Chess Strategy

Chess Strategy

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A GAME of chess is played by two opponents on a square board consisting of sixty-four White and Black squares arranged alternately. The forces on each side comprise sixteen units, namely a King, a Queen, two Rooks, two Bishops, two Knights, and eight Pawns. All units move according to different laws, and the difference in their mobility is the criterion of their relative value and of the fighting power they contribute towards achieving the ultimate aim, namely, the capture of the opposing King. Before I can explain what is meant by the capture of the King, I must set out the rules of the game in full.

Diagram 1 shows the position the forces take up for the contest. The board is so placed that there is a white square at the top left-hand corner. The Rooks take up their positions at the corner squares, and next to them the Knights. Next to those again are the Bishops, and in the centre the King and Queen, the White Queen on a White square, and the Black Queen on a Black square. The eight pawns occupy the ranks immediately in front of the pieces. From this initial position, White begins the game in which the players must move alternately.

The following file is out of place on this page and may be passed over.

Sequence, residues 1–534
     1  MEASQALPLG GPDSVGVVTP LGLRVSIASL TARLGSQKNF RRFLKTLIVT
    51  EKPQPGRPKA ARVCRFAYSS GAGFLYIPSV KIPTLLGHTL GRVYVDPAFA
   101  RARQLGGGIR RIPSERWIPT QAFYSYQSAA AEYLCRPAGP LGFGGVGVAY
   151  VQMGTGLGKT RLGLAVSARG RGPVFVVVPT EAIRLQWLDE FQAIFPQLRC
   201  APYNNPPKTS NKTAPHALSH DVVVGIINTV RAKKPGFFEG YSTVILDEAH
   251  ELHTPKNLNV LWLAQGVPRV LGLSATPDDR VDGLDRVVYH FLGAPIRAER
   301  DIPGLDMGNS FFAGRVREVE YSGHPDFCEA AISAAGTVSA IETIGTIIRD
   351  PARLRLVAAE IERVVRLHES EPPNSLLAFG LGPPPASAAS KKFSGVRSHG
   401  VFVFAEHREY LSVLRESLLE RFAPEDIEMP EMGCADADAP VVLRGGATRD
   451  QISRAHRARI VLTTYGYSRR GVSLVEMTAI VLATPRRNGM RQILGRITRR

The pieces move in the following way: The Rook can move from any square it happens to be on, to any other square which it can reach in a straight line, either perpendicularly or horizontally, unless there is another piece of the same colour in the way, in which case it can only move as far as the square immediately in front of that piece. If it is an opposing piece which blocks the way, he can move on to the square that piece occupies, thereby capturing it. The piece thus captured is removed from the board. The Bishop can operate along either of the diagonals of which the square on which he is standing forms part. A Bishop on a White square can there fore never get on to a Black one.

        ———————————————————-     8 | #R | #Kt| #B | #Q | #K | #B | #Kt| #R |       |———————————————————-|     7 | #P | #P | #P | #P | #P | #P | #P | #P |       |———————————————————-|     6 | | | | | | | | |       |———————————————————-|     5 | | | | | | | | |       |———————————————————-|     4 | | | | | | | | |       |———————————————————-|     3 | | | | | | | | |       |———————————————————-|     2 | ^P | ^P | ^P | ^P | ^P | ^P | ^P | ^P |       |———————————————————-|     1 | ^R | ^Kt| ^B | ^Q | ^K | ^B | ^Kt| ^R |        ———————————————————-         a b c d e f g h

DIAG. 1.

The Queen commands both the straight and the oblique lines which start from the square she stands on, and therefore unites the power of both Rook and Bishop in her movements....